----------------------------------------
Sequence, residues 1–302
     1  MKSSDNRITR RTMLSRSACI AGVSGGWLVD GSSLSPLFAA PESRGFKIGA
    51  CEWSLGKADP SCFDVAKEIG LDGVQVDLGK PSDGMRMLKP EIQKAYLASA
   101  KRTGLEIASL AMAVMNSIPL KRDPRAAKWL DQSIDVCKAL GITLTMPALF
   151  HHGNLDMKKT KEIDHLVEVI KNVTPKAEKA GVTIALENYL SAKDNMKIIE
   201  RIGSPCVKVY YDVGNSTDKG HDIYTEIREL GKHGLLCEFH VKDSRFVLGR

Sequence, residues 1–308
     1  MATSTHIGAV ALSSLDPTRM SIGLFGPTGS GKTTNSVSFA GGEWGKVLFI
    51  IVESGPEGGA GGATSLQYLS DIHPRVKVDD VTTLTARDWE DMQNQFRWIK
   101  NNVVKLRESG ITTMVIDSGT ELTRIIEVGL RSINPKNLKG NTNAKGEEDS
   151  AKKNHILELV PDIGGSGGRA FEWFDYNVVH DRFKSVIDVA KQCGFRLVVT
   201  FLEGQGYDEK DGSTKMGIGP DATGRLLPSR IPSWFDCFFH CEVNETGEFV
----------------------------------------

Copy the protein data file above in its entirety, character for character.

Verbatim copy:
Sequence, residues 1–302
     1  MKSSDNRITR RTMLSRSACI AGVSGGWLVD GSSLSPLFAA PESRGFKIGA
    51  CEWSLGKADP SCFDVAKEIG LDGVQVDLGK PSDGMRMLKP EIQKAYLASA
   101  KRTGLEIASL AMAVMNSIPL KRDPRAAKWL DQSIDVCKAL GITLTMPALF
   151  HHGNLDMKKT KEIDHLVEVI KNVTPKAEKA GVTIALENYL SAKDNMKIIE
   201  RIGSPCVKVY YDVGNSTDKG HDIYTEIREL GKHGLLCEFH VKDSRFVLGR

Sequence, residues 1–308
     1  MATSTHIGAV ALSSLDPTRM SIGLFGPTGS GKTTNSVSFA GGEWGKVLFI
    51  IVESGPEGGA GGATSLQYLS DIHPRVKVDD VTTLTARDWE DMQNQFRWIK
   101  NNVVKLRESG ITTMVIDSGT ELTRIIEVGL RSINPKNLKG NTNAKGEEDS
   151  AKKNHILELV PDIGGSGGRA FEWFDYNVVH DRFKSVIDVA KQCGFRLVVT
   201  FLEGQGYDEK DGSTKMGIGP DATGRLLPSR IPSWFDCFFH CEVNETGEFV